I recently released an episode of The Life Creative podcast where I talk about rediscovering the square ratio setting on my camera and how that reminded me of the good ole days with roll film and the 2 1/4 negative.
Here’s the episode if you would like to listen to it.
Interestingly, many social networks still favor the square image, leading to unexpected cropping results, especially for those shooting portrait views on phones
How can I preview the square ratio when shooting on a digital camera?
Well, first of all, check and see if your camera will let you set the display and capture to 1:1 ratio. I also have an electronic viewfinder, and I get to see the square image there as well.
At first, it will seem strange to see the black dead area to the left and right of your display, but you’ll get used to it, trust me.
But why should I use it?
Glad you asked!
Apart from the fact that all you Instagram users will know precisely how your image will look when you post it, it also gives you options after taking the picture.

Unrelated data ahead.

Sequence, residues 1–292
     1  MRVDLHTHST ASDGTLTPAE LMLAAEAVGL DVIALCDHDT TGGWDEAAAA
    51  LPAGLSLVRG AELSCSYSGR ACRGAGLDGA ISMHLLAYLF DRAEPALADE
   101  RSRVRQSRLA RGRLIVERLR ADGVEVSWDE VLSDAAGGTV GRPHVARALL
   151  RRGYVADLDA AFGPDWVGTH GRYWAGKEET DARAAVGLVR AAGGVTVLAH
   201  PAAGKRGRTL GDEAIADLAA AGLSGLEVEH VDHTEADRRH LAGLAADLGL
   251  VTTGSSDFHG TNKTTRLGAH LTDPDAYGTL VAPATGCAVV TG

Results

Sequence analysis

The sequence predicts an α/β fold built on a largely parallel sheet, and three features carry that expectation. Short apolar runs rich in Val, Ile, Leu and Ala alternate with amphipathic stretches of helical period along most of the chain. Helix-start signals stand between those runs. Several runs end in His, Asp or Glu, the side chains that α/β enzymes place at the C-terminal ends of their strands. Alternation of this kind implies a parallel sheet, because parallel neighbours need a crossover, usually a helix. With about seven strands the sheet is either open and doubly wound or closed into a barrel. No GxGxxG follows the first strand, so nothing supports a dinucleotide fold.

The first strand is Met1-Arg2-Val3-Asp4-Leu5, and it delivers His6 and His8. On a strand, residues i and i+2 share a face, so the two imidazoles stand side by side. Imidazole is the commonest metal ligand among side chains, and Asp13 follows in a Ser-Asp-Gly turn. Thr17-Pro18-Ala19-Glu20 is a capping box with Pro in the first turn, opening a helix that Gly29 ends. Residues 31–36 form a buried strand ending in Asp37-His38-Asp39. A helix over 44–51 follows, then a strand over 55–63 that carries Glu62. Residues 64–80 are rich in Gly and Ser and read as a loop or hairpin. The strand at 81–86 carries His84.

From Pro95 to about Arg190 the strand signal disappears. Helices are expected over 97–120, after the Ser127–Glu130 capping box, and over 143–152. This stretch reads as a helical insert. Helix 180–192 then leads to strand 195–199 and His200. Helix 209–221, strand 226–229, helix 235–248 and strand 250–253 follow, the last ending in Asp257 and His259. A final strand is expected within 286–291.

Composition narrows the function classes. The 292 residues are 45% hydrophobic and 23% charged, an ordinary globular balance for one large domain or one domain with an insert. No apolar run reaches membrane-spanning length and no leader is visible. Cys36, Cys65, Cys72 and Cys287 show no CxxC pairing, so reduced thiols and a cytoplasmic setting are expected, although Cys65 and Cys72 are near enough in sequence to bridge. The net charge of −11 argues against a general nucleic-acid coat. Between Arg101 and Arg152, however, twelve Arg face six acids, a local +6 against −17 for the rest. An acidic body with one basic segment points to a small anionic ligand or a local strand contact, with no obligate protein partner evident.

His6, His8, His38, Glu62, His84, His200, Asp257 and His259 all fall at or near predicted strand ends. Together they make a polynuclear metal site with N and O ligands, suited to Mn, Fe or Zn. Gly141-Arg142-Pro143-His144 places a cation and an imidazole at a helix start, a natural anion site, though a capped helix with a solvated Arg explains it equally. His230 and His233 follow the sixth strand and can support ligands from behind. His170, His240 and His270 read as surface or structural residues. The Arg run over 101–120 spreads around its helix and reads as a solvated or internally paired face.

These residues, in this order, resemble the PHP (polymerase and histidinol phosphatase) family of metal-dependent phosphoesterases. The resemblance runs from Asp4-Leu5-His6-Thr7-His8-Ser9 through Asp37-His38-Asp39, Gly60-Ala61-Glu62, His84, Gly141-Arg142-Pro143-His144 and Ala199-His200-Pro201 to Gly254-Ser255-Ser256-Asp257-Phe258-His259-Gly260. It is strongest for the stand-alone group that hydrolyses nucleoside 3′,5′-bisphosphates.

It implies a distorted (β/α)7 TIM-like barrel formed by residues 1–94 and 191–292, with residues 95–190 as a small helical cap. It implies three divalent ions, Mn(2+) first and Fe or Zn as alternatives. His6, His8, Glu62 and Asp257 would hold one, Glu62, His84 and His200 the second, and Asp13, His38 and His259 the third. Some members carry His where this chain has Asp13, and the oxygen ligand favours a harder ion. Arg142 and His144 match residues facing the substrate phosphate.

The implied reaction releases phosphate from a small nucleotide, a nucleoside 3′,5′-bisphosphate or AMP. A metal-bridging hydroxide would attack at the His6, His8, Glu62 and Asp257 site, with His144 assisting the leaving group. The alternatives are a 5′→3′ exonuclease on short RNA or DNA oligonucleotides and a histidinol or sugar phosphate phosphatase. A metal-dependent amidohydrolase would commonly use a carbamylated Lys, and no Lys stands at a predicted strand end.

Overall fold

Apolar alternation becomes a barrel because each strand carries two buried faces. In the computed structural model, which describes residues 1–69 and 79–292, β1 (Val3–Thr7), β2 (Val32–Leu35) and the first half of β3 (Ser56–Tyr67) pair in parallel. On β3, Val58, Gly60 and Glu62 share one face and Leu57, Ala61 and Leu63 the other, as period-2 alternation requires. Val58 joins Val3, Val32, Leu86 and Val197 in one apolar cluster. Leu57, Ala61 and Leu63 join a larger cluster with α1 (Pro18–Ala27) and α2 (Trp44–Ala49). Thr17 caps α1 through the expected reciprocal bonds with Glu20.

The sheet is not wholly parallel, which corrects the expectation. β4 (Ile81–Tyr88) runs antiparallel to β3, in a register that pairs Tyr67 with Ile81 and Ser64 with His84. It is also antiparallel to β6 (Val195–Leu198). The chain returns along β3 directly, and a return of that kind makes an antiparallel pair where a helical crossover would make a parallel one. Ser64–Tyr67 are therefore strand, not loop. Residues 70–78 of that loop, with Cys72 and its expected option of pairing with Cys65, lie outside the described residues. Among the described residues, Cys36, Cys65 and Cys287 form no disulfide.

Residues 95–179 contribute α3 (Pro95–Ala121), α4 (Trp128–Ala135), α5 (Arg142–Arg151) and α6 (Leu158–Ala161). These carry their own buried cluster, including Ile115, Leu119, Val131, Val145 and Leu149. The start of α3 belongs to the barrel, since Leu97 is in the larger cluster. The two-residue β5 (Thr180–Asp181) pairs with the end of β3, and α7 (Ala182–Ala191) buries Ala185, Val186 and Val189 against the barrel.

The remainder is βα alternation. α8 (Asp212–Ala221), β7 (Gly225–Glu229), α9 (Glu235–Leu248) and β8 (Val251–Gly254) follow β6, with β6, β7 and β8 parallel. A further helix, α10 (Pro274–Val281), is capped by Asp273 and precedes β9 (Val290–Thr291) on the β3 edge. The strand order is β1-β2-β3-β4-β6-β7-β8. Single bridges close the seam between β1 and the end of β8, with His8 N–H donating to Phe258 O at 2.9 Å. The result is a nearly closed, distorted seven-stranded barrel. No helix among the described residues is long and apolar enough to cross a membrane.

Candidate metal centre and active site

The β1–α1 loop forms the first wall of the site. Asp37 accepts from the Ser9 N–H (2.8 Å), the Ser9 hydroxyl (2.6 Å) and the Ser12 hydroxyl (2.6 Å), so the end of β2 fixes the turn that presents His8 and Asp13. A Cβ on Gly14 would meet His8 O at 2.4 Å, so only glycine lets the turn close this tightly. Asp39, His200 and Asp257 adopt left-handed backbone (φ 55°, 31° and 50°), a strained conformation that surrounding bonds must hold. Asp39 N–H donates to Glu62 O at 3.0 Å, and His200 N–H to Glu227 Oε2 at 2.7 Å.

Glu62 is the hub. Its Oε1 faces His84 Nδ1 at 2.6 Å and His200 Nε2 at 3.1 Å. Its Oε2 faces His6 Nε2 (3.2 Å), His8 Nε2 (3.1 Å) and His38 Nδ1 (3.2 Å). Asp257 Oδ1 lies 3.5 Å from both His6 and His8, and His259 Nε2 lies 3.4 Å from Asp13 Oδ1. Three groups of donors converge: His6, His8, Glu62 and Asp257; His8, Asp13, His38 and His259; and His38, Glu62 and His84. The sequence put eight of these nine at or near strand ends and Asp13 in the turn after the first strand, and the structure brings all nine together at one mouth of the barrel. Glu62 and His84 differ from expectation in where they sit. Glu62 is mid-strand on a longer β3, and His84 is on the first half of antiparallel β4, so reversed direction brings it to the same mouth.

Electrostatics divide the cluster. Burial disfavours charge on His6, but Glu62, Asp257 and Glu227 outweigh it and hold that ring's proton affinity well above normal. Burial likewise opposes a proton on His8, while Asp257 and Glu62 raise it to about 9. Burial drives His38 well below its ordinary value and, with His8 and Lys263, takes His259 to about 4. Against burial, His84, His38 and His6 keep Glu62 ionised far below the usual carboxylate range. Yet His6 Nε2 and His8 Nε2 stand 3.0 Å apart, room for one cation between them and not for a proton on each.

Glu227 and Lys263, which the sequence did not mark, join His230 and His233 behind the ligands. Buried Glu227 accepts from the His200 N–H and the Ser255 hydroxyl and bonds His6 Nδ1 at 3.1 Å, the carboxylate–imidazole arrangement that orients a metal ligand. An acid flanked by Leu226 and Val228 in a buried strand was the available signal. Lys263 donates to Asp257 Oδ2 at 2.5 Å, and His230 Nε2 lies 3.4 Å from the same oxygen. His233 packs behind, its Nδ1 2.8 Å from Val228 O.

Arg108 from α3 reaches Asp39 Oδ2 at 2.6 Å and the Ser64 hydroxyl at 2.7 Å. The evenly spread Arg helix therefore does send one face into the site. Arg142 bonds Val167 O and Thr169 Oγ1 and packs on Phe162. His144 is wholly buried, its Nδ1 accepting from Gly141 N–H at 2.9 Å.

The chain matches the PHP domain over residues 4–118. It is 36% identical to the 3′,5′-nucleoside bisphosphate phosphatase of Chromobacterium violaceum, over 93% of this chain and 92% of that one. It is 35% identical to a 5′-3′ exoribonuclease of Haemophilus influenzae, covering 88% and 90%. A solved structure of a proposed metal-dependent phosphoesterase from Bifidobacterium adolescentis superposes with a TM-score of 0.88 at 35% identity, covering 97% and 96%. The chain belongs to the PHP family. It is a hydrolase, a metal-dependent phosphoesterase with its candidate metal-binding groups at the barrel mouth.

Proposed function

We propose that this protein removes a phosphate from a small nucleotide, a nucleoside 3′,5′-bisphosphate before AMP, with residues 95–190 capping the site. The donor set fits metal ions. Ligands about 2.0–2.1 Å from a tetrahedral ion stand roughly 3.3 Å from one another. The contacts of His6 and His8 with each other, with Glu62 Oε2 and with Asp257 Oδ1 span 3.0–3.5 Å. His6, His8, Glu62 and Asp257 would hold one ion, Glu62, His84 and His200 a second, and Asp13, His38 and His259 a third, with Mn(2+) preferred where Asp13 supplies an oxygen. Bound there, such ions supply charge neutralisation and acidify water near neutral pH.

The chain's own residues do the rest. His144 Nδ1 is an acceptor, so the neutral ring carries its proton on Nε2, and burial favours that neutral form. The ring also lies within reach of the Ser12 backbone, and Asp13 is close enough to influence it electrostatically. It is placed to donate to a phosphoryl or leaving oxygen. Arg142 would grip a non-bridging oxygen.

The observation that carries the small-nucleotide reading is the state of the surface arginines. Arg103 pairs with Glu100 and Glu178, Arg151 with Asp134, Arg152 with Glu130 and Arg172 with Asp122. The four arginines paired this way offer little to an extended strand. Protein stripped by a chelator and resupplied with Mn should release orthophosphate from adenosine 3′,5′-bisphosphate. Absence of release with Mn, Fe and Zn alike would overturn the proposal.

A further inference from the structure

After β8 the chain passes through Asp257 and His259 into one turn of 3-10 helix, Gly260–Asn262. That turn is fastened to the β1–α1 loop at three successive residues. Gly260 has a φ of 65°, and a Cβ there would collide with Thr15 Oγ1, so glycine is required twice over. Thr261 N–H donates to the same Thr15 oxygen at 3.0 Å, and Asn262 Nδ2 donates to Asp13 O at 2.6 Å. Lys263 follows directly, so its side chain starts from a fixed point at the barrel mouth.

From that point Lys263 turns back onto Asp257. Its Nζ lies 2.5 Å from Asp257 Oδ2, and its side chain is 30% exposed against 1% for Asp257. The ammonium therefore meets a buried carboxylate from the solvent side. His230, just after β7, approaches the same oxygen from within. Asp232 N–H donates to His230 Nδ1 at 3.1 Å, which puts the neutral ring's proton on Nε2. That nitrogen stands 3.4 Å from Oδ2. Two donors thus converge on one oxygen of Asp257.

One thing that was always good about shooting square was it allowed making the shot portrait or landscape later on in the darkroom.
OK, I get it, you don’t use a darkroom. But you do, surprise! It’s just a digital one. How many times have you taken a shot in either landscape or portrait, then, later on, wish you had shot it the other way? Well, square to the rescue.
Yes, you are cropping some pixels but let’s be honest, all modern cameras over the past few years have more than enough resolution to handle at least a little cropping unless you are printing the image to a super large size.
Bad example time
What if I wanted to crop the image at the top of this post in a portrait version. Well, I can do something like this to bring out the path as a guiding line up the center of the image.
But since I shot it square, I can also choose to crop to just the path section of the image in landscape view if I decide and leave the viewer to ponder where the path will take them.
Please give it some thought. Maybe try it for a few days when you next go to shoot some images. You might find that it sparks new creativity when you return to process the shots and opens up new opportunities you did not spot when taking them in the field.